Darksilver Book 1
She’s found the man of her dreams, but he’s obviously not real. Or is he?
When photographer Danielle Reeve is hired to document the restoration of a remote estate, she’s mystified but pleased. Though she’ll need to bring every bit of equipment she owns, it’s a break from the unending family portraits. But the photos of the mansion interiors, particularly the ballroom with its mirrors, reveal the ghostly image of a handsome warrior who seems to be watching her. Though only an illusion of the light, she is mesmerized.
Blade Lord Arne of the House of Eagles is a warrior of two worlds. With enough vassals and duties to keep ten men busy, he has let himself become captivated with Danielle. From the moment she entered his domain he can hardly take his eyes from her. But Arne also senses the hand of an ancient enemy at work, one who plays a very dangerous game.
Only when desire sweeps away all barriers does Arne understand what is truly at stake. He will have to break the most ancient of vows in order to make Danielle his.
WHAT READERS ARE SAYING
Not Your Average Vampire. I was anxiously awaiting the release of the first book in this series, and I was not disappointed. Funny (Dani’s phrases) and intriguing (Arne’s story), making way for a new type of vampire you will want to get to know.
It's packed full of action and forbidden love that will melt the most hardened of hearts.
A new twist on vampires. I have loved reading Hazel Hunter's books and this one was no exception. Instead of the time-travel books for which she has been famous for, this one dives into a parallel dimension.
Hazel Hunter is back with a unique Mirror Universe to ours storyline that hooks you right from the start full of mystery, intrigue, kidnapping, Vampires, different dimension, you can't put this book down until finished such an addicting read.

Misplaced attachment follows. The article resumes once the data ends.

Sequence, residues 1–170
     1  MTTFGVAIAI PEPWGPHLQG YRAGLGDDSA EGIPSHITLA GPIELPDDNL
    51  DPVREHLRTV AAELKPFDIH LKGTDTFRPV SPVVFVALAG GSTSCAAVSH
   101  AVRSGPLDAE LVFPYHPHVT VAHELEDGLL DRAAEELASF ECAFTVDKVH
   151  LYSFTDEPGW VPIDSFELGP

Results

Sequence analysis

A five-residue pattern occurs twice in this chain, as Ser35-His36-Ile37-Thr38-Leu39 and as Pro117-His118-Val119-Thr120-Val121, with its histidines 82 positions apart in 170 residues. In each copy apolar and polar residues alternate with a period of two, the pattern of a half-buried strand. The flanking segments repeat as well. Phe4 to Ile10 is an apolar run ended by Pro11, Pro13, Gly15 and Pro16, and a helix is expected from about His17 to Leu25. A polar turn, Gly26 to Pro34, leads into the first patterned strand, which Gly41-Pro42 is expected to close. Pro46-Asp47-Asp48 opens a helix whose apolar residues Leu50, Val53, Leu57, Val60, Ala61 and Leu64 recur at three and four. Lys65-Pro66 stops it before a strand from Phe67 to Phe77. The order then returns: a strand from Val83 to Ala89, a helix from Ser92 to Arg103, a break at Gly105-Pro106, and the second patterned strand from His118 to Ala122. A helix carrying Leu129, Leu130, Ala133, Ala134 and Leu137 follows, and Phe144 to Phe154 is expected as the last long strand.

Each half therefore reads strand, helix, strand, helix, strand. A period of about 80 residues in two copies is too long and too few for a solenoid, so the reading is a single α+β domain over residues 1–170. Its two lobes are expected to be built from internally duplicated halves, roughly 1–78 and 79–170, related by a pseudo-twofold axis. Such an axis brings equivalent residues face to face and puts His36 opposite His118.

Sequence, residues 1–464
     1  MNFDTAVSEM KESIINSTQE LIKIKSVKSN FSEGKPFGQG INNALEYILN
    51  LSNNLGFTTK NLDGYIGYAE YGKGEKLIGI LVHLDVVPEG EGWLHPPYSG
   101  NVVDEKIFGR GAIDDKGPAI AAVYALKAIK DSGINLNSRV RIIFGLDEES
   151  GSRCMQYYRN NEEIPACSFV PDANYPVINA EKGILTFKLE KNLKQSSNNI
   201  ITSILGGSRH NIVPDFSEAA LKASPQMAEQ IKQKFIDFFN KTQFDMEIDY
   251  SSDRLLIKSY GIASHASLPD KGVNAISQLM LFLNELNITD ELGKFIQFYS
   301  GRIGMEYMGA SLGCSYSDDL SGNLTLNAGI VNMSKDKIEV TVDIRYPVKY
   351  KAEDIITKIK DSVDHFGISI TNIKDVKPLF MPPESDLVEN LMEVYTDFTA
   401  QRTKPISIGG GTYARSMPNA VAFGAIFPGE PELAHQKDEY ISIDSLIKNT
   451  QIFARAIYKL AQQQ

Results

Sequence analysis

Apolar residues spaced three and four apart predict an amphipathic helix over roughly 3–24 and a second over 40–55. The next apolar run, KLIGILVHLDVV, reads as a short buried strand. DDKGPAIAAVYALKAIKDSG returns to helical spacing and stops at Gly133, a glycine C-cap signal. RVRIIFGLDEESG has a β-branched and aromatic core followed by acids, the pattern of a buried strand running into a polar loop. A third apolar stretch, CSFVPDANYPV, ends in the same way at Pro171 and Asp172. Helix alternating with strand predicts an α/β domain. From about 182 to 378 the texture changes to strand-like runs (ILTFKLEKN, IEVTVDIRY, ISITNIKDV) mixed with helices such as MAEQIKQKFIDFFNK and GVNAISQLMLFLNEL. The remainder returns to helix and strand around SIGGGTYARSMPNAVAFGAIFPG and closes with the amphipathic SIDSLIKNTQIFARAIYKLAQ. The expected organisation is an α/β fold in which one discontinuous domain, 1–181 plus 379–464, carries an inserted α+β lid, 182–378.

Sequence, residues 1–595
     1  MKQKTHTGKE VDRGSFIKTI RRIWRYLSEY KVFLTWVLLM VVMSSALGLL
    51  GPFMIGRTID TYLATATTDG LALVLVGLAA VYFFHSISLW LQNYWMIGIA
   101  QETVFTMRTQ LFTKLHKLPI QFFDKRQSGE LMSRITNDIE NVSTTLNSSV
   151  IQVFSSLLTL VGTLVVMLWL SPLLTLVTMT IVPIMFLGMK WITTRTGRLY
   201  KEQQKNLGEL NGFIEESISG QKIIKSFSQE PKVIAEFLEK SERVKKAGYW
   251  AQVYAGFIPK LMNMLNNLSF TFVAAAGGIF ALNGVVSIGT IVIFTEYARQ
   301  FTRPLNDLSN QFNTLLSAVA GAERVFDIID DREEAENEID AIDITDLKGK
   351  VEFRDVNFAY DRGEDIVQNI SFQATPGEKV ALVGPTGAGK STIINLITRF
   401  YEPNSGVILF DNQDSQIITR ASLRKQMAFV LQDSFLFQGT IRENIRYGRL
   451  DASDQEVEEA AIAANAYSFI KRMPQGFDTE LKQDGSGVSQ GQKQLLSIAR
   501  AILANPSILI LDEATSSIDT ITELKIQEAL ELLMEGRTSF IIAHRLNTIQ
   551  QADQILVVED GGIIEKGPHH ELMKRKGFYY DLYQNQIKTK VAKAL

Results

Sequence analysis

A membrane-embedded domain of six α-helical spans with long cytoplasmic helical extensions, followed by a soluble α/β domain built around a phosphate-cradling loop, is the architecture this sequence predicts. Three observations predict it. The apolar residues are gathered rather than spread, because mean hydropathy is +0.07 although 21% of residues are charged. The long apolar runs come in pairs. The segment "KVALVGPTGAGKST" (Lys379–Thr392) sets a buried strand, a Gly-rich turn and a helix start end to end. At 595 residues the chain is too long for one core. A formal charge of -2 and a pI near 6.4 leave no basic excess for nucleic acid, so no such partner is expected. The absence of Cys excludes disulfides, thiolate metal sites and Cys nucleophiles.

It’s a crazy, romantic, amazing world we’ve entered in this book and you just have to read it! It contains many plot twists you won’t see coming in addition to Hazel Hunter’s tried and true creative, romantic writing.
As soon as Danielle Reeve saw her new client waiting in the trendy coffee shop she was glad she’d opted to wear a decent dress. Brad Baxter’s dark silk suit looked like it might cost more than her car; his Rolex definitely did. He’d paid a very good stylist to cut his sandy hair in order to disguise the fact that he was balding. The faint orange tint to his skin suggested he spent more time in a tanning bed than under the sun. When he saw her his grin revealed teeth so white they looked plastic, as though she could wind them up and see them chatter.
As a photographer Danielle’s perspective on everything tended to be comparative. She analyzed everything she saw literally and conceptually. While she tried to be a kind person, her critical eye could be pitiless.
Stop being so tetchy right off the bat, she scolded herself as she walked up to him. “Hello, Mr. Baxter.”
“I appreciate you meeting me on such short notice, Ms. Reeve,” Baxter said as he stood to shake her hand. “Please, sit down. Would you like a coffee, latte, espresso…?”
“I prefer tea, thank you, sir.” She smiled at the server who had come over to take her order. “Black tea, hot, with a spoon of honey if you have it, please.”
Baxter, who owned a luxury realty company north of Nashville, began talking with the ease of a man accustomed to making conversation with complete strangers. He marveled at how the weather in Nashville seemed to change every ten minutes, noted the quaint charm of its honky-tonks, and also the startling amount of traffic, which he claimed he could see from his office north of the city.
Danielle listened politely, but what he said sounded like the warm-up to a pitch, as if he wanted to sell her a property rather than hire her to photograph one. He also looked directly into her eyes as he talked. He wanted to seem sincere, she thought, while gauging her reactions to what he said.
Spending every day photographing faces had taught Danielle how people wanted to appear to the rest of the world, but she’d always had a feel for what was going on behind the masks they wore. Baxter might be the picture of success and self-confidence, but as he spoke he started perspiring. Since there wasn’t much room between them the faint but strong vinegary odor of his sweat became noticeable. She’d known plenty of heavy partiers at college who had smelled the exact same way.